Saturday, January 26, 2013

Easiest No-Knead Peasant Bread

Yes, this loaf of bread is more than halfway eaten. I made it last night...

This is, by far, the easiest bread you will ever make. It is my new favorite bread recipe. I’ve been making it like crazy all winter. And if you take about 5 minutes of hands on time out of your day, you’ll be a convert too. I pretty much guarantee it.

This recipe found its way to me in one of those rare, serendipitous moments on Pinterest, when I was feeling productive enough to actually make something the moment I pinned it (this has happened only two or three times, with amazing results I might add).

Easiest bread ever, you say? Well, we’ll see about that. I mean, I had my fair share of convenient bread recipes. I was a bit skeptical. But it’s true, friends, there is no easier bread out there that I’ve found.

And sweet baby Jesus is it delicious! The first time I made it, my husband and I ate the entire loaf while it was still warm. Lucas may have eaten one piece. But seriously, it’s oh-dear-god-I-just-ate-a-whole-loaf-of-bread good. I don’t think it gets much better than that (and if it does, I’m not sure I want it to…).

Easiest No-Knead Peasant Bread
adapted from Alexandra Cooks

makes one 9x5” loaf

3 cups all-purpose flour or bread flour
1 ½  teaspoons kosher salt
1 ½  cups lukewarm water
2 ¼ teaspoons sugar
1 ½ teaspoons active-dry yeast

In a large mixing bowl whisk the flour and the salt. Set aside.

In a small mixing bowl (or your glass measuring cup), dissolve the sugar into the water. Gently stir in the yeast. Cover with plastic wrap and let sit for 10 minutes, mixture will be very foamy. Add yeast mixture to the flour bowl. Stir until a sticky dough ball forms. The dough will be very wet.

Cover bowl with plastic wrap and let rise in a warm place until doubled, about 1 ½ hours. (When I’m making bread in the winter, I like to preheat the oven for 60 seconds then shut it off. With the door closed it retains a nice warm [not hot] temperature for the dough to rise.)

Grease a 9x5” loaf pan with nonstick cooking spray or butter (I always use my 1.5qt Pyrex loaf pan. I like to be able to keep an eye on that golden crust through the glass.) Preheat oven to 425°.

Using two forks, punch down your dough, scraping it from the sides of the bowl, which it will be clinging to. You want to loosen the dough entirely from the sides of the bowl, and you want to make sure you’ve released the excess air in the dough. Using the forks, scoop the dough into your prepared baking pan. It’s best to scoop it up fast and plop it in the bowl in one fell swoop. Let the dough rise for about 30 minutes or until it has risen to just above the top of the loaf pan.

Bake for 10 minutes at 425°. Reduce the heat to 375ยบ and bake for 22 to 25 minutes longer, until crust is a nice golden brown. Remove from the oven and turn the loaves onto cooling racks. Cool in the loaf pans for 10-15 minutes before turning out onto wire racks to cool completely.

And eat a piece while it’s still warm with a bit of butter on it. There’s just nothing better.

Thursday, January 24, 2013

Cinnamon Love Knots

Holy mother of tasty, these rolls are good. I mean, like, next level goodness. Quite possibly the most scrumptious bread/roll recipe I will ever share with you. That good.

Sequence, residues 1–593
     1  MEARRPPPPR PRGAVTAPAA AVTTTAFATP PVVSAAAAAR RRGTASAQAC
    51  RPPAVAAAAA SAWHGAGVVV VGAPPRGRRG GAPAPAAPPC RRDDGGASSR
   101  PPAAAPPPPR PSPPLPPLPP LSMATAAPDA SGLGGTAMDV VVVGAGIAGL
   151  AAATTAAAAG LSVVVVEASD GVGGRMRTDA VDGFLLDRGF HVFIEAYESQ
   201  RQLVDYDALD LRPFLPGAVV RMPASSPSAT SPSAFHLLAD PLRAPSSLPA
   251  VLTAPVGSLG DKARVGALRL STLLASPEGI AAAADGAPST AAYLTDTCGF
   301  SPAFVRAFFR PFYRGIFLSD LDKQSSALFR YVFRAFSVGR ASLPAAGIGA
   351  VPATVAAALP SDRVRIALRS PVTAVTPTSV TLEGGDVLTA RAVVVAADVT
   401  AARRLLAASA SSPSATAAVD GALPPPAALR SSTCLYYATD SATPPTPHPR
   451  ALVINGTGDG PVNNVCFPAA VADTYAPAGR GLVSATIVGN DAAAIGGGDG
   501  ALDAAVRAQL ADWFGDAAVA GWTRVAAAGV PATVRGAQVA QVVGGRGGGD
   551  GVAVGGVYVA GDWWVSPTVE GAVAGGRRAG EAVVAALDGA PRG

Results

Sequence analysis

Now I'm not going to lie here, these yeast rolls are a labor of love, but I swear to you,  they are worth every bit of effort. And if you aren't an early riser they're just dandy for brunch or an afternoon snack or whenever the mood strikes. And unlike some yeast rolls which can be a bit sub-par after they cool down, these are still great the next day with coffee or tea. There really is no downside to these delectable rolls other than the waiting around for rising times, which is a small price to pay for this much delicious.

Seriously, they are amazing. Go forth, my friends, and make them immediately.

Cinnamon Love Knots
adapted from Taste of Home 2001 Annual Recipes

makes 3 dozen

2 packages (1/4oz. each) active dry yeast or rapid rise yeast
1/2 cup warm water (110 - 115F)
1/2 cup warm milk (110 - 115F)
1/2 cup butter or margarine, softened
1/2 cup sugar
2 eggs, beaten
1 teaspoon salt
4 1/2 - 5 cups all-purpose flour

2 cups sugar
2 tablespoons cinnamon
3/4 cup butter or margarine, melted

 Combine cinnamon and sugar for topping in a shallow bowl, set aside.

In a large mixing bowl, dissolve yeast in water. Cover and let stand for 5 minutes. Add milk, butter, sugar, eggs and salt and mix until combined. Stir in enough flour to form a stiff dough. Knead on a lightly floured surface until smooth and elastic (about 6-8 minutes). Place in a greased bowl, turning once to coat top. Cover and let rise in a warm, draft free area until doubled, about 1 1/2 hours.

Punch dough down and divide into 3 portions. Cover two portions with plastic wrap. Shape remaining portion into 12 balls; roll balls into 8 inch ropes. Dip ropes in melted butter, roll in cinnamon sugar, and tie into knots, tucking the ends underneath. Repeat with remaining portions of dough.

Place knots on lined baking sheet; cover and let rise until doubled, about 30 minutes. Preheat oven to 375F, and bake for 12-15 minutes or until golden brown.

Saturday, January 12, 2013

"Healthy" Cheez-its

a delicious snack paired with Elmo's World = toddler heaven